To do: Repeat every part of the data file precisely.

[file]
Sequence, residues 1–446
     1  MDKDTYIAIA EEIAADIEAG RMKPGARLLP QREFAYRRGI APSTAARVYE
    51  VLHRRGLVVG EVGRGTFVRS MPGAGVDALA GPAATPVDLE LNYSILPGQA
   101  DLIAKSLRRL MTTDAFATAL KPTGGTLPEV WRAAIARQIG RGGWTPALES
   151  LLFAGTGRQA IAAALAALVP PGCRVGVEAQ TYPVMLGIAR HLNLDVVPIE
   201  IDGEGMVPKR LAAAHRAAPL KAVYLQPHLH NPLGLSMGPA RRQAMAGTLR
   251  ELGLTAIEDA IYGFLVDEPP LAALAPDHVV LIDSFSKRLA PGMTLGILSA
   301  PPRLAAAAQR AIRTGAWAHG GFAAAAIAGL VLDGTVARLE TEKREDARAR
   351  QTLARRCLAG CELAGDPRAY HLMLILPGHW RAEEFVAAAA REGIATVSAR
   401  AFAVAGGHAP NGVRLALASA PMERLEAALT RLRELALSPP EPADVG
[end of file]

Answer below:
Sequence, residues 1–446
     1  MDKDTYIAIA EEIAADIEAG RMKPGARLLP QREFAYRRGI APSTAARVYE
    51  VLHRRGLVVG EVGRGTFVRS MPGAGVDALA GPAATPVDLE LNYSILPGQA
   101  DLIAKSLRRL MTTDAFATAL KPTGGTLPEV WRAAIARQIG RGGWTPALES
   151  LLFAGTGRQA IAAALAALVP PGCRVGVEAQ TYPVMLGIAR HLNLDVVPIE
   201  IDGEGMVPKR LAAAHRAAPL KAVYLQPHLH NPLGLSMGPA RRQAMAGTLR
   251  ELGLTAIEDA IYGFLVDEPP LAALAPDHVV LIDSFSKRLA PGMTLGILSA
   301  PPRLAAAAQR AIRTGAWAHG GFAAAAIAGL VLDGTVARLE TEKREDARAR
   351  QTLARRCLAG CELAGDPRAY HLMLILPGHW RAEEFVAAAA REGIATVSAR
   401  AFAVAGGHAP NGVRLALASA PMERLEAALT RLRELALSPP EPADVG